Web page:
Biography of Sylvia Plath

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Critical Analysis
Sylvia Plath, a great American author, focuses mostly on actual experiences. Plath’s poetry displays feelings and emotions. Plath had the ability to transform everyday happenings into poems or diary entries. Plath had a passion for poetry and her work was valued. She was inspired by novelists and her own skills. Her poetry was also very important to readers and critics. Sylvia Plath’s work shows change throughout her lifetime, relates to feelings and emotions, and focuses on day to day experiences.
Plath’s difficulties with narrative prose contrasts between her novelistic dreams and her character. Plath’s passion for classic novelists and her own talent made her realize the fitting narrative prose were densely constructed (Hughes 1). Plath’s poetry goes through constant changes (Smith 2). The bee was a motif that was often used (Smith 3).Jerome Mazzaro considers Plath’s achievements in The Bell Jar to be less gendered. Mazzaro also believes Plath’s novel is a statement of fascination of the midcentury (“The Importance…” 2). Marilyn Yalom wrote in Maternity, Morality, and the Literature of Madness that Plath’s novel about her breakdown and her recovery, The Bell Jar, is a pre-feminist disclosure of the effects of the sexist culture. Yalom’s critical view increased from the feminist and psychoanalytic critic of the 1980s (“The Importance…” 1). Plath’s lyricism ranges from simple but effective to a Hopkinsian ode for her beloved (Magill 2223). Her best ability was turning everyday experiences into diary entries (Magill 2225). Plath’s poems from Ariel reflect her fury and sullenness toward life (Draper 2734).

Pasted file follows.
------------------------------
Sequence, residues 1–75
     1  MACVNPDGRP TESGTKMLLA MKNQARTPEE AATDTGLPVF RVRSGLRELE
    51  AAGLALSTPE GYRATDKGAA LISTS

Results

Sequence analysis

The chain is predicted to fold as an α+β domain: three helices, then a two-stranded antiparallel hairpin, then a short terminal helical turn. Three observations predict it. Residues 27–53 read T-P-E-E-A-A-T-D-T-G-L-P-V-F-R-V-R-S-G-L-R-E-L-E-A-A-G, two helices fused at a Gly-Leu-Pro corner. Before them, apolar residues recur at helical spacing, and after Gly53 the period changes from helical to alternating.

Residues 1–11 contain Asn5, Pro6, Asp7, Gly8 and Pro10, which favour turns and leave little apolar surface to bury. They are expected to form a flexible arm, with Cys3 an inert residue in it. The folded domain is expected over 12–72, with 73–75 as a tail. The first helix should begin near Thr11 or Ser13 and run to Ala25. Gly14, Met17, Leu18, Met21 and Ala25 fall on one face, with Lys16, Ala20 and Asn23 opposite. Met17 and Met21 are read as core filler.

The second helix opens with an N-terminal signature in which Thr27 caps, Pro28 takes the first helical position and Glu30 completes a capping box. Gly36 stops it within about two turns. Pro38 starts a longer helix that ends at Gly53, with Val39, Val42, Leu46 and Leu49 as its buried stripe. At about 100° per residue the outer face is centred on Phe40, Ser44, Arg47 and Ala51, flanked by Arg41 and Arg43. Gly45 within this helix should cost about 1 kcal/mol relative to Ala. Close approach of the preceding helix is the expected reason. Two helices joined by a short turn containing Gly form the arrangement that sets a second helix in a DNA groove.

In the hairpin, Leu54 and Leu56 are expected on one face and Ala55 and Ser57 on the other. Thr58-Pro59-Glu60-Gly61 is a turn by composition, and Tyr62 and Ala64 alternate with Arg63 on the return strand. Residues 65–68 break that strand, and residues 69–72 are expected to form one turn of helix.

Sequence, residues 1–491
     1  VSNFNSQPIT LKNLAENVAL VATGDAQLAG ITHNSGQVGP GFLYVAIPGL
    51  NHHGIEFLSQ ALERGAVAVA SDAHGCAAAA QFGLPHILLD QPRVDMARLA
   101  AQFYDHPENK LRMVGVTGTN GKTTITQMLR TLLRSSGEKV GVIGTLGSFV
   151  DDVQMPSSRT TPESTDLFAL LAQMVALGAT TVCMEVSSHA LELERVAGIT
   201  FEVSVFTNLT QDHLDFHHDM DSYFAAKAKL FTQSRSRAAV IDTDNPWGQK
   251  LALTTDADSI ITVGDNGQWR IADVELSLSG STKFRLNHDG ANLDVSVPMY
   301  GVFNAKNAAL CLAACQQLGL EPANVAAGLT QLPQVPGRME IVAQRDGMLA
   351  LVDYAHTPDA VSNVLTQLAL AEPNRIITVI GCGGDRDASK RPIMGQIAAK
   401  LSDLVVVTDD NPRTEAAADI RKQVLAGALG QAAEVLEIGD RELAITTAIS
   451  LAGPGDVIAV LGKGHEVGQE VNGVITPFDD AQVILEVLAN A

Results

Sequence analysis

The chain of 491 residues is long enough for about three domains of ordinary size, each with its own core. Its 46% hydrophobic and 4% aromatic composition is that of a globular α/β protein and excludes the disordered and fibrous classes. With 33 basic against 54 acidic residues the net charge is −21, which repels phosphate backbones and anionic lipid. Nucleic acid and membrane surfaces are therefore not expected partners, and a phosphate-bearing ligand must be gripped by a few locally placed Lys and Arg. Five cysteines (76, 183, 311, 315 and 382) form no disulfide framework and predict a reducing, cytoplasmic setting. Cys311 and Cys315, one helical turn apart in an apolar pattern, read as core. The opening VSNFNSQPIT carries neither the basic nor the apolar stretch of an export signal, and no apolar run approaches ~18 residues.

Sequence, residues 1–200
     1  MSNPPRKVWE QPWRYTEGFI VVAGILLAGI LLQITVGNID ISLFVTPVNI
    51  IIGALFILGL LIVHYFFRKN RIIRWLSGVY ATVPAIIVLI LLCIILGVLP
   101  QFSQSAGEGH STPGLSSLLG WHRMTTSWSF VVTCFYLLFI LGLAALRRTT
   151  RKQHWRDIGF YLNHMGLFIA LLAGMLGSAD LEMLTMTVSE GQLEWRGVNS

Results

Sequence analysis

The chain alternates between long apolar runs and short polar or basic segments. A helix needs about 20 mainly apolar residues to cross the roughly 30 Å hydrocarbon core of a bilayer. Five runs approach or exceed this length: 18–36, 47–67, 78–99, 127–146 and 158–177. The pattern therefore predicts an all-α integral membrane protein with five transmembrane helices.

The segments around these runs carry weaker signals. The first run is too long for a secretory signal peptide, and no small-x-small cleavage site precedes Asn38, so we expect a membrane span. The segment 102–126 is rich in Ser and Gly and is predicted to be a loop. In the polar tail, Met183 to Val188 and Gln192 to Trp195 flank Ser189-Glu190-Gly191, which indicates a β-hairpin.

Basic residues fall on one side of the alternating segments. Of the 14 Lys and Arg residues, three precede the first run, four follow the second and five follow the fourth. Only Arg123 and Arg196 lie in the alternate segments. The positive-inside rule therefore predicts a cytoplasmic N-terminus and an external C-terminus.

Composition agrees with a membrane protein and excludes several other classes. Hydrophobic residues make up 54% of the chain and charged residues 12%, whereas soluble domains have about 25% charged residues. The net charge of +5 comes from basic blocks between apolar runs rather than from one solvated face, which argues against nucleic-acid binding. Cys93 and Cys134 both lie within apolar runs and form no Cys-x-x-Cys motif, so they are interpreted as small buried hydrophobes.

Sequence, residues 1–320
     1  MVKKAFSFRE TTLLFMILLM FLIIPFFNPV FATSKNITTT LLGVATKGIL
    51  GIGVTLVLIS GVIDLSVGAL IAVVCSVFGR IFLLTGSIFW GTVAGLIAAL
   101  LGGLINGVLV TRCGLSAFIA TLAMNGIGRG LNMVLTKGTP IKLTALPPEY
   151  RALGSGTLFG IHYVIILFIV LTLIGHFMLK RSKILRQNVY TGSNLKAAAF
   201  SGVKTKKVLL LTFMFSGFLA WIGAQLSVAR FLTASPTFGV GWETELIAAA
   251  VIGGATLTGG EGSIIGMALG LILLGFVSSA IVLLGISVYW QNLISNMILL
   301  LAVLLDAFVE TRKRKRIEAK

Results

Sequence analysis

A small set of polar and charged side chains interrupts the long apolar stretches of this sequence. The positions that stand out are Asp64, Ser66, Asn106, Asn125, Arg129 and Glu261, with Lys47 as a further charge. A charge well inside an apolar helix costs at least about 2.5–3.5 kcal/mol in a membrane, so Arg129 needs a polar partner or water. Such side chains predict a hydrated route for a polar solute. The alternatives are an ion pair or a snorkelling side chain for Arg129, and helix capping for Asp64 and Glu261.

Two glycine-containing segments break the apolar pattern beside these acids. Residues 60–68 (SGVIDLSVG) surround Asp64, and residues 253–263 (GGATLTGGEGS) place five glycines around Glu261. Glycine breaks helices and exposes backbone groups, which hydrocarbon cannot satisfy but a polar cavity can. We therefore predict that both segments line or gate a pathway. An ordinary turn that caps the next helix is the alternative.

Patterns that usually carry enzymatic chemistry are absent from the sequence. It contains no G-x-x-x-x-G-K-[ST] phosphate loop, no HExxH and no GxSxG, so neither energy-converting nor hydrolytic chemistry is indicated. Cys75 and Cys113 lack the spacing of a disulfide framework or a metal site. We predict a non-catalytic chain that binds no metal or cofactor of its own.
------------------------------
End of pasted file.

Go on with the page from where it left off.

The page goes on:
Letter’s Home: Correspondence, 1951-1963 (1975) shows Plath’s response to change in her life as an adul...

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...he language of war. One of her last poems shows how this vision both restricted and unconstrained her expression (Magill 2225). Some of Plath’s poems, though the personal voice may be dying out, are still very personal (Magill 2226). Plath’s symbolism comes from an arrangement of misfortune. The purpose of Plath’s poems is to show a deeper pattern (Hughes 5). Plath’s narrative, The Bell Jar, remained important to most readers (“The Importance…” 2). Plath believes relationships are necessary, but destructive (Smith 6).
Plath is a very personal poet. She also uses symbolism throughout the majority of her poetry and prose. Plath writes based on everyday occurrences during her lifetime. Most of her work is actually diary entries without punctuation. Plath gets most of her inspiration from her everyday life. She enjoyed writing about the things that happened day to day.
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